Tyalgum pleas to retain land access
A MEETING protesting the locking up of Tyalgum country as a timber reserve attracted a huge crowd to Murwillumbah's School of Arts building on November 22, 1890.
The meeting's chairman, James Black JP, protested the government's decision.
"By reserving Tyalgum the Government had locked up the best and most extensive block of agricultural land on the Upper Tweed, a large extent of which was totally unfit for the growth of cedar, while there was a large area of broken country which was almost useless for other purposes lying idle,” he said.
Mr JJM Marks convened the meeting as he felt locking up the area would be detrimental to the district's best interest.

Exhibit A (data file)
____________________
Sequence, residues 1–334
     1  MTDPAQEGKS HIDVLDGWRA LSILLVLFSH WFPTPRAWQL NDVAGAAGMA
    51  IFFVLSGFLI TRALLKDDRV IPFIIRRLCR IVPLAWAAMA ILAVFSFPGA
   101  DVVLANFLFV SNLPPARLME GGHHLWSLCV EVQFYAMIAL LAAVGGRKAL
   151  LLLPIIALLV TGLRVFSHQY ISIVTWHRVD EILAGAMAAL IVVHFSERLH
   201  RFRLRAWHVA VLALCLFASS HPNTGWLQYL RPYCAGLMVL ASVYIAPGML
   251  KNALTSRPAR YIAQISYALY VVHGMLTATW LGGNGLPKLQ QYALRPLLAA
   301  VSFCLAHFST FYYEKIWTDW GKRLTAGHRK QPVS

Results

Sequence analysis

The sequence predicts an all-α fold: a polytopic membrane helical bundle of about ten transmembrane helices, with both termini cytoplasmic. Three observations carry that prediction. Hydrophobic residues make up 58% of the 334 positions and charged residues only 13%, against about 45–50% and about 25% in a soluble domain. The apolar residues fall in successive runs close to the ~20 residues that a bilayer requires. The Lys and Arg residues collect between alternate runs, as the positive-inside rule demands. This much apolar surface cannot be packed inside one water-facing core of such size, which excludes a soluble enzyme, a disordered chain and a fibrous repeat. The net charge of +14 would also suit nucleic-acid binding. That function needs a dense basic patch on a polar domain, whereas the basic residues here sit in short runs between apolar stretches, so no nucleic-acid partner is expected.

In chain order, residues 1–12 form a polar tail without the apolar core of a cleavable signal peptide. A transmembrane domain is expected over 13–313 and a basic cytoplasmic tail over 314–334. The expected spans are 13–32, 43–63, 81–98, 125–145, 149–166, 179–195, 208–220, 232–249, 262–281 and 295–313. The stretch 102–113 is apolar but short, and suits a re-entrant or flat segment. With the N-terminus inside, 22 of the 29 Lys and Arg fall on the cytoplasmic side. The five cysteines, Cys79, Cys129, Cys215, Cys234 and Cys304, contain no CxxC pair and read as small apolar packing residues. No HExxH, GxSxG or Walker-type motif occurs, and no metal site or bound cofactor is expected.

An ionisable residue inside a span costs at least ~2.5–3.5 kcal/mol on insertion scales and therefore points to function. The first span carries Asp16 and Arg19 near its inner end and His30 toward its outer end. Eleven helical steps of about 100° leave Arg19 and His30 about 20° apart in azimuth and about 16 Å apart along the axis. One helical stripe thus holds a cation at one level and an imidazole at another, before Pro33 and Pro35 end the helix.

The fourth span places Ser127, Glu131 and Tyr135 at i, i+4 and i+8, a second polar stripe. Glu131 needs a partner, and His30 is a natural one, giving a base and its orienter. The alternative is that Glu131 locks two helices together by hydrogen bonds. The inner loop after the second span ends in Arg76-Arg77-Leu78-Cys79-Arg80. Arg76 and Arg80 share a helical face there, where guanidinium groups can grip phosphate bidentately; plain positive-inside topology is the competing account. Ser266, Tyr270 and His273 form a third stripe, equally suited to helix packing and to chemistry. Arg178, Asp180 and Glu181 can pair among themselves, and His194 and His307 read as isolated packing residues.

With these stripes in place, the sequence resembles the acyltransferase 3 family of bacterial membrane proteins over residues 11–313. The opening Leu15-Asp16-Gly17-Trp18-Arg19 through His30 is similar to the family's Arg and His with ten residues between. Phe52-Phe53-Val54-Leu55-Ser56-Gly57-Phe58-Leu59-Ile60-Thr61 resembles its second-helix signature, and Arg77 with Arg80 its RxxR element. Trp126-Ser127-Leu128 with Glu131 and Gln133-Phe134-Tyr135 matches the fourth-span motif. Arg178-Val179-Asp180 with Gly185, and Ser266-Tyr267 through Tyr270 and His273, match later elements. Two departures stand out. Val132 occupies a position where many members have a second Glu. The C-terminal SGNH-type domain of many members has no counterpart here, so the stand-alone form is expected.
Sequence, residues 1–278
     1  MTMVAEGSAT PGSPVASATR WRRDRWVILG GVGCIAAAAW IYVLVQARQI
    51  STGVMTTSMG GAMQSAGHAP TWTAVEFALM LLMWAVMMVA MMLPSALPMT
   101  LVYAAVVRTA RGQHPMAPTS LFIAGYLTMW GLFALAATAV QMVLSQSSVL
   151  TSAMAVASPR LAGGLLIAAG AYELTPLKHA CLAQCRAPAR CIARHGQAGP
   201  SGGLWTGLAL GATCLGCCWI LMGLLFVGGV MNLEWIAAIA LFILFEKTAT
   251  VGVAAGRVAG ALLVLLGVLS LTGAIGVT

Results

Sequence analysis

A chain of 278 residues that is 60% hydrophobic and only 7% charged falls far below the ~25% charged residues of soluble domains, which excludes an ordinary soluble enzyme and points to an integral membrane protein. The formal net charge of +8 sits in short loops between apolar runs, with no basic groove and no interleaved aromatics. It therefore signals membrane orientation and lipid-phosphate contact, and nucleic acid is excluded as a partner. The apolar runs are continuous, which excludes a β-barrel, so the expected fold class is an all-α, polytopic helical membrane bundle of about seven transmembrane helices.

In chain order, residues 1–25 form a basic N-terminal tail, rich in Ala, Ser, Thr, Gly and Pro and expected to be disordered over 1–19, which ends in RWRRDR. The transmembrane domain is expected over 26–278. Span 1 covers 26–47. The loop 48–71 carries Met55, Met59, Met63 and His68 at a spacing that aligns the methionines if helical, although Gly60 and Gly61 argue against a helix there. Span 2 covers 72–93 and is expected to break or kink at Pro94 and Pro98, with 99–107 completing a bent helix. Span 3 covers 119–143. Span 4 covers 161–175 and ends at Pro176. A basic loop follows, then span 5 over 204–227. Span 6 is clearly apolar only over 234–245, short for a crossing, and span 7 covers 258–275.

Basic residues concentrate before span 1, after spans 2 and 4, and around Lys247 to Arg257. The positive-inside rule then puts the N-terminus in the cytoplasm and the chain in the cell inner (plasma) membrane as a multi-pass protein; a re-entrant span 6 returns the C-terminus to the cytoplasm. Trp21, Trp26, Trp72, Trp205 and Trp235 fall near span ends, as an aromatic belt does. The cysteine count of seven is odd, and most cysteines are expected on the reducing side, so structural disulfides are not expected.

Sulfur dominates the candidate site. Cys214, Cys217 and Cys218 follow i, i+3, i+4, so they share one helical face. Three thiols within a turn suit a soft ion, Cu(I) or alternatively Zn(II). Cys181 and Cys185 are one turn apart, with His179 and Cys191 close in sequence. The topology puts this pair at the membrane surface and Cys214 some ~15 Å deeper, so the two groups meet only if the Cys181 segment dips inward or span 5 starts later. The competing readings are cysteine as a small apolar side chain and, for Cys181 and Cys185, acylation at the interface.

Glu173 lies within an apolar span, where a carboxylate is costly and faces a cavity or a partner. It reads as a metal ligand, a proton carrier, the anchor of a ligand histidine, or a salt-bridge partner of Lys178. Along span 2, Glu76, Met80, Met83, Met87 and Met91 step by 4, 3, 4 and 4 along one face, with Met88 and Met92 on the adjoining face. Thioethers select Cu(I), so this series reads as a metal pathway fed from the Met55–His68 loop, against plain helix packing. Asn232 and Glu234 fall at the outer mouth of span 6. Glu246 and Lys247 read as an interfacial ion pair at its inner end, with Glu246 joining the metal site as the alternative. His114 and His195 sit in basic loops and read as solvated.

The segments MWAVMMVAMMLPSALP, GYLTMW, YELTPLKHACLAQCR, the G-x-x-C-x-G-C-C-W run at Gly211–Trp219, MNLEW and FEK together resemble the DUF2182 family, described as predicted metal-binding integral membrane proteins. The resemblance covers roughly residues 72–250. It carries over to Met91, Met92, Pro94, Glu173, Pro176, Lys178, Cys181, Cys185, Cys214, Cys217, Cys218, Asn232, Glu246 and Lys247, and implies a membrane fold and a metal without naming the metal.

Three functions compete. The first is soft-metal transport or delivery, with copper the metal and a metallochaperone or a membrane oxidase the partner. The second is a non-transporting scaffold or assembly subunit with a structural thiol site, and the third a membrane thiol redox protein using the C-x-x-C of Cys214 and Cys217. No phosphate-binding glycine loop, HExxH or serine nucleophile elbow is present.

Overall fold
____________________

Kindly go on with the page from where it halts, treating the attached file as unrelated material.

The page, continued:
He understood the government had plans to plant the Tyalgum forest with cedar trees, but believed locking up 72,000 acres of the forest's richest land would be a drawback.
"This meeting while admitting the desirability of reservations for cedar cutters in suitable locations, strongly deprecates the locking up of the richest agricultural and pastoral lands in this district, such as the bulk of the Tyalgum Reserve is, for that purpose,” he said.
The motion to oppose the lock-up passed, with only Mr DR Campbell saying the reservation of the Tyalgum forest was a wise move.
"Cedar was a most valuable timber and steps should be taken to prevent its eradication,” Mr Campbell said.
Tweed historian Di Millar contributed significantly to the Tweed Daily News' 125-year commemorative publication in 2013, from which this information has been extracted.
The Tweed Daily News will celebrate 130 years of publication this October.